Monday, 1 October 2012

Start Simple ...

There's no doubt it takes many years of trial and error to become truly proficient at making an heirloom quality teddy bear.  There are many techniques to master, but I believe that with patience and determination, anyone can learn how to make a teddy bear.  When I made my very first teddy bear, I had no idea how the pieces of a bear fitted together and didn't understand how a jointed teddy bear's limbs worked, so I bought a child's kit from the local toy shop and spent hours hand stitching a very simple bear with plastic safety joints.

Orange Blob Bear - a child's toy teddy bear making kit

'Orange Blob Bear' was the very first bear I ever made twenty five years or so ago and  I remember being very pleased with myself because he looked just like the bear on the kit cover.  Back then, that was satisfaction enough.

Ivor - a mohair kit bear

But after 'Orange Blog Bear', the bear-making bug bit me and I wanted to make what I thought of as 'a proper bear'.  My next project was a mohair kit bear purchased from a teddy bear show.  I called this bear 'Ivor' and strategically placed a tartan bow to disguise the fact he had one arm placed quite a bit higher than the other!

Pomeroy - one of my earliest designs

I loved the fact Ivor was mohair with jointed limbs and glass eyes - at the time he seemed a huge improvement on my previous synthetic orange teddy bear kit and he inspired me to start trying to design my own patterns ... slowly but surely, large traditional teddy bears with big feet and floppy ears began to come to emerge from the old Singer sewing machine my mother-in-law had given me.

'The Biscuit Bears' - one of my favourite 2010 collections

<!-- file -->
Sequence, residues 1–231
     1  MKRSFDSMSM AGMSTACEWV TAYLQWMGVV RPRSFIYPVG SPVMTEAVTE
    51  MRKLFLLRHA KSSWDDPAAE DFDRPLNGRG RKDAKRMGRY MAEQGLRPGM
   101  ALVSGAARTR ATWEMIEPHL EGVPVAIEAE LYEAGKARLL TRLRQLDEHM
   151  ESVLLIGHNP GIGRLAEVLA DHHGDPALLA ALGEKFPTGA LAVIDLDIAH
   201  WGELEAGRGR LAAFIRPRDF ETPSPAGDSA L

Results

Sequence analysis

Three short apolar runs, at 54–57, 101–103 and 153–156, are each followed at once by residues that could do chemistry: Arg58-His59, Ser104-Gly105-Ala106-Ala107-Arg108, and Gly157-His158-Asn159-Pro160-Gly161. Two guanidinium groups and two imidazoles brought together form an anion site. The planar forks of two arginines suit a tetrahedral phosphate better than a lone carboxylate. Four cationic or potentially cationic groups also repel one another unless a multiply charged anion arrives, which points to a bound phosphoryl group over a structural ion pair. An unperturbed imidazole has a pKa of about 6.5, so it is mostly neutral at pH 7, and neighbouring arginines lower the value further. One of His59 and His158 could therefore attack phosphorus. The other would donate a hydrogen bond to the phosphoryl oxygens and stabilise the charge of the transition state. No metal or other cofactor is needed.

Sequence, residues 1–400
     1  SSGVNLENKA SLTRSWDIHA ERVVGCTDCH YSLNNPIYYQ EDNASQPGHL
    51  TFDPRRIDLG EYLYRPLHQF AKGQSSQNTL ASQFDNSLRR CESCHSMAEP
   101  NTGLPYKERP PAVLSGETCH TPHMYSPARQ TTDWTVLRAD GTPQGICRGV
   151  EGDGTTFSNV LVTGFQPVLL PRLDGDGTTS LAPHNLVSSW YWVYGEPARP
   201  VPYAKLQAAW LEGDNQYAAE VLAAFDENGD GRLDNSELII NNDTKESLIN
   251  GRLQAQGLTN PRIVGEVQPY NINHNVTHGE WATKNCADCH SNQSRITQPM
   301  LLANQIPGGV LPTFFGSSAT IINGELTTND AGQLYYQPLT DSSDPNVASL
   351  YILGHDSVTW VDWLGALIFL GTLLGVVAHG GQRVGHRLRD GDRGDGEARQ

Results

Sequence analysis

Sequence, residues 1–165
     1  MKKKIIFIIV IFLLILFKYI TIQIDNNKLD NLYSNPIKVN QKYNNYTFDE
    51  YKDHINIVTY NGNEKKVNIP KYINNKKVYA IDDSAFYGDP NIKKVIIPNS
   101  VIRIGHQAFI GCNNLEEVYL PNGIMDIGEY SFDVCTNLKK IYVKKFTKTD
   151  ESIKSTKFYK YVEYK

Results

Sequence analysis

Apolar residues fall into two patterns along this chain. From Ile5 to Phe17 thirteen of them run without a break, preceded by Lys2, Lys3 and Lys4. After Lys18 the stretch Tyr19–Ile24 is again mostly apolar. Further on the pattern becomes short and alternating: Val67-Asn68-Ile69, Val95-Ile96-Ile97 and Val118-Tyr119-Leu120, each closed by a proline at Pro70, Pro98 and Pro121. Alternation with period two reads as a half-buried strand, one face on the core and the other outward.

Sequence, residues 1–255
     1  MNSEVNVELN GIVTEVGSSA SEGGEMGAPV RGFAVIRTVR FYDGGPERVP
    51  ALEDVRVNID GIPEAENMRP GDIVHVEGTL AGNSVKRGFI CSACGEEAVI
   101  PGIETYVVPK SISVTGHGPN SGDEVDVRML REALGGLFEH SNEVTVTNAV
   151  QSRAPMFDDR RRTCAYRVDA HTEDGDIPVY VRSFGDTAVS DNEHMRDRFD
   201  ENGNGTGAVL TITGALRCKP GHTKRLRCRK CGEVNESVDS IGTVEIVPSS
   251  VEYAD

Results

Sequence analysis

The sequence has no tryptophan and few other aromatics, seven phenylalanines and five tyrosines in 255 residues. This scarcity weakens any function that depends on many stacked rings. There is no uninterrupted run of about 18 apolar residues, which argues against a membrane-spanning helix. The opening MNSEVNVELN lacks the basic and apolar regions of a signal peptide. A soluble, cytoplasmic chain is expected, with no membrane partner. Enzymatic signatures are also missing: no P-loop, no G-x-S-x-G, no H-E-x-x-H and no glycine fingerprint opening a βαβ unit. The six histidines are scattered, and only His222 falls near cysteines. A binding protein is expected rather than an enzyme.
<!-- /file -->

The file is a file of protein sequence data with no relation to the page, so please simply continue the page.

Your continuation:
Since those very early bear-making steps, I have designed well over a thousand teddy bears and with each year that has passed, my bear-making skills have developed ...

'Bellamy' - a 22" bear I designed for a collector

So whenever I'm asked today how I make the bears look the way they do, I can only answer, 'it comes with years and years of practise'!  I just started simply and kept taking small creative steps forward ...


This weekend I designed a simple soft toy owl from cotton fabrics and felt. Now 'Twiggy' has been completed, ideas for developing my simple softie are starting to emerge ... 

So my advice to anyone hoping to create a masterpiece, is 'start simple and allow your creativity to emerge a step at a time'.  After all, what's the hurry?!


  1. I enjoying reading this Paula, you are an inspiration to me! I love all your bears! =)

  2. Such lovely bears - Your first bear reminds me a lot of my Mike's Pedigree bear. Bellamy is gorgeous and your owl has a lot of charm. I'll bet you've seen so many changes in the bear scene over the last quarter century...

  3. I'm you sister and I never knew your simple beginnings lol.

  4. Hi Paula, What a great post. It is exactly where I started and many, many more people. The only things different is I didn't make mohair bears for a little while longer, PLUS I haven't got to your standard yet. I'm still trying.
    It made me think we should all post our first bears. I thought mine was*** Well you should see it. I must have needed better glasses. It helps to look now and then because it shows us how much we have improved.
    Big Hugs

  5. Thanks, Paula - your post echoes the stories of many of us, and we're all still learning and growing in this lovely craft.


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